5 Things To Know Before PLM-ERP Integration Project

Yesterday, I had chance to read the new paper by Jim Brown: Issue in Focus: The Integrated ERP-PLM Strategy. There are lots of things I agree with Jim. They are mostly in the area of strategic need for PLM-ERP as well as growing level of awareness about such need on the side of companies. However, the issue of integration cost is somewhat, I think, is a very critical. Unfortunately, because of complexity, manufacturers are facing the issue of PLM-ERP cost very late in the implementation process.

In my view PLM-ERP integration never comes as out-of-the-box product. The diversity of product development and manufacturing practices, product versions and many other factors are making PLM-ERP integration very complex and expensive project. I want to breakdown possible decision points related to PLM-ERP integration.

What data do you want to integrate?
It sounds obvious, but before you want to integrate systems, you need to understand what data you are going to integrate. It seems to me as an important topic is to break down data in both systems into very granular pieces and see how this data will be combined, transferred and integrated. Don’t move forward until you don’t understand what data assets do you have.

Where is data located and how it controlled?
The enterprise data management is a complex task. PLM and ERP systems are two the most complicated in the modern manufacturing. Data can be distributed in different locations, organization can use multiple ERP and, sometime, PLM systems. The ownership of enterprise systems and, in the end, control over the data assets can be very complicated. You need to see a full picture of data control by different people in the organization.

What processes influenced by integration?
There are lots of advantages in implementing PLM-ERP integration. However, such integration will introduce a change in the organization development and manufacturing process. As every change, it may bring some problems or simple additional cost in adjustment of work in the organization. You have to understand the influence from the different standpoint – people, software and processes. The cost of adjustment needs to be include into overall estimation related to your PLM-ERP integration project.

What API and development skills do you need?
It sounds like a completely technical. Nevertheless, it is very important. Your organizational systems can provide a different set of techniques and tools to develop integration. In most of the cases, enterprise systems are heavily customized. You need to understand and validate what tools and API you can use and how you PLM-ERP integration will be adjusted to all existing custom developments you have in place.

How to maintain your integration?
This one is last, but extremely important. Your PLM-ERP integration is not a single shot project you are doing once. Your organization becomes heavily dependent on this integration. PLM-ERP integrations are very often belonging to the class of “mission critical systems” in the organization. Therefore, you need to validate how you will be able to maintain this integration from all possible standpoints – people, technologies, system upgrades. The last one is also important. You obviously will manage upgrades of your ERP and PLM systems. You need to take into account that since you have PLM-ERP integration in place, this upgrade process will always be dependable on how you maintain your integration.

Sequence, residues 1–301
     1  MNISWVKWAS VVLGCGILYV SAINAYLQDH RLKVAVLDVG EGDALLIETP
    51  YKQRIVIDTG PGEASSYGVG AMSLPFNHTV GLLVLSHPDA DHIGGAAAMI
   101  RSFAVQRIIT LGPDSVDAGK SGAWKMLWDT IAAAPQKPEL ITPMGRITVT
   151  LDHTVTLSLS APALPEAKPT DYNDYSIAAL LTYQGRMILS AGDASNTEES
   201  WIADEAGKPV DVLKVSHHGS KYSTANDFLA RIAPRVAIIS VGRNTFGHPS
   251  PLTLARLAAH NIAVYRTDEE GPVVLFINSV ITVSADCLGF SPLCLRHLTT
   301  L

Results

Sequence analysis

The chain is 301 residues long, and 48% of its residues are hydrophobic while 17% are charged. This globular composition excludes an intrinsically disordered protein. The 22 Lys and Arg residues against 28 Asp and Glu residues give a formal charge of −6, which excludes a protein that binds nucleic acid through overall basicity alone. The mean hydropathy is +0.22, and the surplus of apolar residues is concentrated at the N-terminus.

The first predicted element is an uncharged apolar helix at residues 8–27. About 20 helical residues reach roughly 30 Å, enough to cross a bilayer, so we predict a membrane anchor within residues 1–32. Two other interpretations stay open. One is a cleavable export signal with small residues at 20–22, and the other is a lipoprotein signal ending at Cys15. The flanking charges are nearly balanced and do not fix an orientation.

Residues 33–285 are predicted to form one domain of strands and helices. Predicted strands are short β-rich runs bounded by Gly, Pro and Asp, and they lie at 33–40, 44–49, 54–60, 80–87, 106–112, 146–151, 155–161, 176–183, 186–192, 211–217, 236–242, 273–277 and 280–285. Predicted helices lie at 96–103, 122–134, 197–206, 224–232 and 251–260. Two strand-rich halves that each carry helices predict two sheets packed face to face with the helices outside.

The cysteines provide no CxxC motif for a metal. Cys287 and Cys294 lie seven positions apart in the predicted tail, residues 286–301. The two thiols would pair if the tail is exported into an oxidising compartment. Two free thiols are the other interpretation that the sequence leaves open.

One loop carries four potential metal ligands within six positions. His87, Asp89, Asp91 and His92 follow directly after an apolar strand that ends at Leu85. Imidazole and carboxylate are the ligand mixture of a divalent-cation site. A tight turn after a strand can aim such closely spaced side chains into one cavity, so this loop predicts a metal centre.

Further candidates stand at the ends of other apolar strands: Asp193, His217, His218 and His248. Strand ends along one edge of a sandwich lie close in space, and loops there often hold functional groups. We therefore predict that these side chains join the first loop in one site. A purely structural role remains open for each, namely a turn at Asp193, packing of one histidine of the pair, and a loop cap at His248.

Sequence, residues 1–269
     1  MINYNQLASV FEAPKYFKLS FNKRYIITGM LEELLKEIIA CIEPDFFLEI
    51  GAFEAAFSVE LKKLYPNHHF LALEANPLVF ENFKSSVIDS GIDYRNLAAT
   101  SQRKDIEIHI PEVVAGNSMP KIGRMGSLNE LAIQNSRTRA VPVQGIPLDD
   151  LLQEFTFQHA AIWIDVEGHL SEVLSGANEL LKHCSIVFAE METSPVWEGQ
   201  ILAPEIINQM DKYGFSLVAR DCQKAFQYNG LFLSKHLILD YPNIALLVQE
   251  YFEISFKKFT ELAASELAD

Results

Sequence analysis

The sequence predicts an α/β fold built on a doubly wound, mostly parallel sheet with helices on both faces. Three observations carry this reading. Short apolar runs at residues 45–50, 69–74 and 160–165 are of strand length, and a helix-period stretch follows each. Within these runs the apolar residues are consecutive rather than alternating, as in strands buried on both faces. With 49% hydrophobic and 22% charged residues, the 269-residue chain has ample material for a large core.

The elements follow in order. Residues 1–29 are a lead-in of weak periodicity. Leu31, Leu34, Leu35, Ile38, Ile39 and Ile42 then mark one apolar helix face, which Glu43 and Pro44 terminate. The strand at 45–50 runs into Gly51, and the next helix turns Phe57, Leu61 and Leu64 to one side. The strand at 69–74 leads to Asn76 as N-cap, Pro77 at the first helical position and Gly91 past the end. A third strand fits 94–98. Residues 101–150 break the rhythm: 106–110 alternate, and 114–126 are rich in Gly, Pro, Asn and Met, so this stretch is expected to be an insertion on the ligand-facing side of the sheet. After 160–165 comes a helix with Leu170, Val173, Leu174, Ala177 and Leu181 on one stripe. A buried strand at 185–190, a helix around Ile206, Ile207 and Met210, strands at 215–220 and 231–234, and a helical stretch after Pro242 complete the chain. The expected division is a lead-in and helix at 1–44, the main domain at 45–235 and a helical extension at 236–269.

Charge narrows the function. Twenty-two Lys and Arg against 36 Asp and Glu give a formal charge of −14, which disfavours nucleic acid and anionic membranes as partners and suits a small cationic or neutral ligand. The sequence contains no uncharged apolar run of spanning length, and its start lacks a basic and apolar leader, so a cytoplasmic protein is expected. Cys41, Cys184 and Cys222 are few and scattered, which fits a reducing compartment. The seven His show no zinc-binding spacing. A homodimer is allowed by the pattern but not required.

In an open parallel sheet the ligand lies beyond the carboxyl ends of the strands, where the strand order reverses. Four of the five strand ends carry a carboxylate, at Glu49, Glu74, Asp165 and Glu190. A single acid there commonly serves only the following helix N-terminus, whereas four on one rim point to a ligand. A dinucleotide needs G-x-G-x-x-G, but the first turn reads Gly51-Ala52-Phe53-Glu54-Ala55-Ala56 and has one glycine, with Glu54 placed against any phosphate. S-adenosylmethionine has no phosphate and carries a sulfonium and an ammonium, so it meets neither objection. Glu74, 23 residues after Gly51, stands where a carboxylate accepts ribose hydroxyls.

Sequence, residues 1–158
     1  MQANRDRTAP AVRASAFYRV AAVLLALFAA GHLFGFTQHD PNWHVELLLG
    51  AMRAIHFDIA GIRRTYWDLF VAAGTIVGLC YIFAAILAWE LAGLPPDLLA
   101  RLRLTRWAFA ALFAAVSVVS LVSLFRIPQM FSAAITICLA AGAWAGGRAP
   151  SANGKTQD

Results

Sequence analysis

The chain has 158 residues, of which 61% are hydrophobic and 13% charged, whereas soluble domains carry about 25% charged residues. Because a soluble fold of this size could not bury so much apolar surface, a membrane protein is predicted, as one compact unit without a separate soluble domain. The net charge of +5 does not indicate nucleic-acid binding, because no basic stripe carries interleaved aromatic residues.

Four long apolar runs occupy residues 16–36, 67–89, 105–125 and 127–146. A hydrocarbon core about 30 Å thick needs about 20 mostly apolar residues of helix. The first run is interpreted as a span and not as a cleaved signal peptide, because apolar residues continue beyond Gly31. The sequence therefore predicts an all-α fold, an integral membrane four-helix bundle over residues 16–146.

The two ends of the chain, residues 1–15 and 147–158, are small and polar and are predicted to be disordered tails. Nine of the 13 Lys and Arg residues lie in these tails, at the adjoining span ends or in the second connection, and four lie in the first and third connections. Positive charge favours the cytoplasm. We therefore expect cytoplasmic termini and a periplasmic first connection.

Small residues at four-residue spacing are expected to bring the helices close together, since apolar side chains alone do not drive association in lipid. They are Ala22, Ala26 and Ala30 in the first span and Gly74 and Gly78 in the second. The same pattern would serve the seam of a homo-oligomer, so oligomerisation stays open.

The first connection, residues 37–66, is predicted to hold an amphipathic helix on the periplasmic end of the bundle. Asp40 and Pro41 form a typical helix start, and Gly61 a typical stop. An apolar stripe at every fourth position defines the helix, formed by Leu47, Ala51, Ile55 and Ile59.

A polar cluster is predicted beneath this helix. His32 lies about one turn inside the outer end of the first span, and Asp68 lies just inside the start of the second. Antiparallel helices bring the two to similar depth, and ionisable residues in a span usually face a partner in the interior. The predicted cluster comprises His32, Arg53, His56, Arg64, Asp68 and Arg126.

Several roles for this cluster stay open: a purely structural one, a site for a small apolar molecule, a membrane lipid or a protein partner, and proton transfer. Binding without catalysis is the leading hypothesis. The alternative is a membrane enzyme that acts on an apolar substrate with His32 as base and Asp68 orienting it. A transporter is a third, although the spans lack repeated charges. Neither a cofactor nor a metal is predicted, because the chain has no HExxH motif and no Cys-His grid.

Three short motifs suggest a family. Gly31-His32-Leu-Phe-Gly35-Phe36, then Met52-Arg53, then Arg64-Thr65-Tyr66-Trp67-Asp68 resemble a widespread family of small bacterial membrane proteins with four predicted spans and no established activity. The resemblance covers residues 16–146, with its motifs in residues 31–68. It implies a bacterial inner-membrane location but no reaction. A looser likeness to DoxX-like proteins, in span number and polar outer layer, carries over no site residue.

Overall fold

What is my conclusion today? PLM-ERP integration is a very expensive project. It can bring lots of benefits, but also drain a significant amount of resources. You need to understand how to make a right estimation of work and validate this project before it starts. I’m interested to discuss your experience and listen to your feedback.

Best, Oleg



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  • Siva


    I was a PLM developer and have worked in ematrix and agile before I started my own web development company.

    I would like to venture in to PLM business also where I would like to create a PLM that caterers small and medium scale segments.

    I want to know your opinion about what a new plm development should focus on for today’s and tomorrow’s business?

  • Oleg, very good points! In my opinion they can and should be extrapolated for all kind of integrations, not only PLM-ERP ones. When you integrate with other PLM, some legacy applications or anything else you have to think about all issues mentioned.

  • Douglas

    In my experience the integration or interfacing of PLM to ERP is not a big deal. Technically that is…
    From that point of view it is not expensive either.
    Functionally it can be difficult if the owners of the EBOM and the MBOM cannot see eye to eye with respect of the data definitions.
    So, what does the EBOM look like, which structures are used and which attributes are used per item. Do the items reflect “real”items or are they merely drawings.

    The latter is a real issue as most engineering departmenst are still working in a document centric way and this has to change to an item centric way to be able to connect to manufacturing